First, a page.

February 5-7, 2015

By now I have eaten upstairs at Dashi a couple of times – everything I have had has been delicious, although it’s like Mateo in that you can drop a LOT of money fairly quickly. Small plates, indeed. Although I think that one could probably make a pretty entertaining meal just on the yakimono skewers – the brussels sprouts are delicious, and a couple of those plus a bunch of chicken livers would only be [still kind of absurdly expensive at] around $20. It’s not a nightly joint by any means. At least not for me.

The lines out front for ramen have persisted, and have persisted in being insane. I suppose there are some people for whom lining up is a fun experience all its own. I was talking to a Dashi staffer who said “when are they going to realize that it’s just noodle soup!?” and, well, yeah.

In any case: If you hit the upstairs by around 5:40 or so, you’ll be good to go. You’ll get to snicker at all the people lined up out in front of the ramen side, and beat them upstairs & get a seat. Once the host downstairs has made it through the line, taken names & handed out approximate seating times, the line-standers all head upstairs, so there won’t be any seats left upstairs by around 6:00.

Get the pork belly tonkatsu. You won’t be sorry (assuming you eat pork).

In other Durham restaurant news, there was some controversy about some remarks made in an interview by a famous local chef about her new venture, her first in Durham. Some of the quotes made it sound like she saw her venture (a hotel restaurant and rooftop bar) as filling one or more niches that are [apparently, according to her] presently entirely unfilled in Durham. 

Some folks, including me, took issue with that suggestion. There was discussion on The Internet. I was, as per usual, probably more hyperbolic than necessary.

It was kind of unfortunate, particularly since she’s hardly the clueless bloviating rich capitalist developer type. Divorced from the context of her life & her other work and what her actual intentions quite possibly actually are, though, it kind of rubbed people the wrong way. Especially those people who have spent years of their lives filling the niches that her quotes implied were presently unfilled.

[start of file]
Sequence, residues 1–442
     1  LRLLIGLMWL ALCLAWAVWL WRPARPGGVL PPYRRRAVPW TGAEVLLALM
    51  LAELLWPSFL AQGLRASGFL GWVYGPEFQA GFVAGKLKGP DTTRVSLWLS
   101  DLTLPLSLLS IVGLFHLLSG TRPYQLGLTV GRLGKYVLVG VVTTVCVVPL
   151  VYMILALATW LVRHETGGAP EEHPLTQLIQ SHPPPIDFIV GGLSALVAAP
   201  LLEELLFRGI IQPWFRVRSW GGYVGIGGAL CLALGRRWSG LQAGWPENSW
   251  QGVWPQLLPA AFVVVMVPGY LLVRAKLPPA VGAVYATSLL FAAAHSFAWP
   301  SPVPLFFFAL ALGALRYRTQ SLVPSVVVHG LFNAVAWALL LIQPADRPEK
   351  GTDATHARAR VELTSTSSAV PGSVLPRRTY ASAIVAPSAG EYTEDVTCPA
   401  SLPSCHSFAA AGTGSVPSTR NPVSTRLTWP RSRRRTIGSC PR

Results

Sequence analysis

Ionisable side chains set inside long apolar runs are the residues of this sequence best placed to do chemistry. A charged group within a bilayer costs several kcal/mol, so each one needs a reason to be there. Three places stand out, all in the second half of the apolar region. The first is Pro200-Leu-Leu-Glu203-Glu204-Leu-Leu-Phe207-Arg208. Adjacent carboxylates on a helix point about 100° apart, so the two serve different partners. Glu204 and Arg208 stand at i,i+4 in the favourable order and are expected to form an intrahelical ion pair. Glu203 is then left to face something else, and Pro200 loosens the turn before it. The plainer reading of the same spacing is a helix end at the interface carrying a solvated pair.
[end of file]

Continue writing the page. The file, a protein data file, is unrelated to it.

I suppose it’s an object lesson in how not to give an interview, which is to say that an interview with the press is NEVER a friendly conversation. It’s a battle: with the interviewer, and with your own brain. You have to step far enough outside of yourself to be able to view the whole thing in a broader context. This is one reason why I generally don’t talk on the record with the press. I can’t be trusted, and if I can’t be trusted, I’m pretty sure my interviewers couldn’t be trusted either.

[And yeah, as weird as it may sound, people still occasionally want to interview me for stuff. No, I don’t really understand it either.]

Anyway. I heard from some people about some things that I said. It is weird to be getting yelled at by one group of people, while being quietly congratulated by another group of people. At least the two groups didn’t have any apparent overlap.

Thanks to some generous friends, we got to see John Waters at the Carolina on Friday night. He started out the show so wired up and fast-talking that it took a bit to even lock onto his wavelength enough to be able to understand what he was saying.

Once I did, it was similar to the last time I saw him: one part random standup-style riffing, one part gleeful discussion of obscure sexual fetishes and their terminology, one part narrative of his movie career, one part general autobiography. Plus some talk about hitchhiking, since that’s kind of his current project. It was intermittently hilarious and hugely life-affirming. Plus of course that lovely Baltimore accent that comes out on certain words & phrases.